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These Stocks Not Named Nintendo Could Benefit From Pokémon Go

Japanese tourist and transport industry worry about Pokemon GoJapanese tourist and transport industry worry about Pokemon Go
People outside McDonald's restaurant in Akihabara on July 25, 2016, Tokyo, Japan. Photograph by Rodrigo Reyes Marin — AFLO via AP

Investors hungry to find a way to profit from the Pokémon Go craze got burned last month buying shares of Nintendo, which have plunged 27% since the company admitted it had a limited stake in revenue from the game.

Niantic Labs, the game’s creator, is still a private company, but Wall Street has a few new ideas for publicly-traded companies that might benefit from the vast hoards of virtual monster chasing Pokémon fans.

Most directly, specialty retailer Five Below (FIVE) is in line to benefit from growing nostalgia for Pokémon, says UBS analyst Michael Lasser.

Best known for selling the trendiest gewgaws and collectibles desired by teenagers across the country—certainly the best place in America to buy a new pack of Silly Bandz Sea Creatures—the 430-store chain also sells a variety of Pokemon-related merchandise.

Lasser and his team checked in with 25 Five Below stores and found 19 were already carrying Pokémon-related inventory such as game cards, activity books, and toys, with more items on the way.

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“Our checks suggest FIVE stores will soon start receiving a broader array of Pokémon products within the month, showing how quickly it can respond to these trends when they materialize,” Lasser wrote in a research report on Friday. “Further, it’s used Pokémon branding in its ads to support its traffic. These factors should deliver some near-term momentum.”

Another area benefiting indirectly from the Pokémon craze is companies that make or sell portable power supplies to recharge smartphones on the go. Sales of portable power packs suddenly more that doubled in the two weeks after Pokémon Go was released in the U.S. on July 6 compared to the same two weeks last year, market tracker NPD Group reported.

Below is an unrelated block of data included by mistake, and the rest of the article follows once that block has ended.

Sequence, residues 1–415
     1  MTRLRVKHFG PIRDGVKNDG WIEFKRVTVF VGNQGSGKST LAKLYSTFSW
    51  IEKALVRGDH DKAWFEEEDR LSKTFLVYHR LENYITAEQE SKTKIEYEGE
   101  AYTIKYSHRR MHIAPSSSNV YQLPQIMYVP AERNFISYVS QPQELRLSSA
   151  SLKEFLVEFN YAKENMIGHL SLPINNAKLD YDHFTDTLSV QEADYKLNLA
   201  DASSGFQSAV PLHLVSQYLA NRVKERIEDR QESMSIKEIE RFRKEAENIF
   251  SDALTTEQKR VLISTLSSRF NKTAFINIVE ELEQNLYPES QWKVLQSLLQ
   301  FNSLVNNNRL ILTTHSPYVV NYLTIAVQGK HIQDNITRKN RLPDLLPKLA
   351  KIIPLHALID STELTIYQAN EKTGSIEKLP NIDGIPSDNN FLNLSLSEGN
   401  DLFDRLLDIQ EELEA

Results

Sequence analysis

Pokémon Go is the summer’s hottest game partly because it utilizes features like location, motion sensors, and augmented reality in your smartphone—however, these features consume more of the phone’s battery life,” Ben Arnold, industry analyst for consumer technology at NPD, said in a statement accompanying the report. “As a way to compensate for the extra battery usage, consumers are buying portable power packs so they can continue to play, uninterrupted.”

Stocks that could benefit include Best Buy (BBY), which sells power packs under in-house and third-party brands, along with leading power pack makers Morphie, owned by Zagg (ZAGG), and Energizer (ENR).

To learn about a hack of Pokemon servers, watch:

Finally, there’s also an investment play floating around that some restaurant chains like McDonald’s (MCD) will boost sales by partnering with Pokémon Go creator Niantic to add their locations to the game. Players need to find PokeStops to refill supplies of Pokeballs and PokeGyms to battle with other players’ monsters. McDonald’s has already struck a deal in Japan to host sponsored game stops at 3,000 outlets and a U.S. deal could follow. Niantic CEO John Hanke has said he’s open to more location-based sponsorships, as well.

But the restaurant play could be tough for investors to win. There’s not much evidence yet that Pokémon players would buy enough extra burgers and fries to make much difference on McDonald’s bottom line. And the restaurant industry can be buffeted by all sorts of macroeconomic factors, everything from the price of gasoline to the rate of disposable income growth.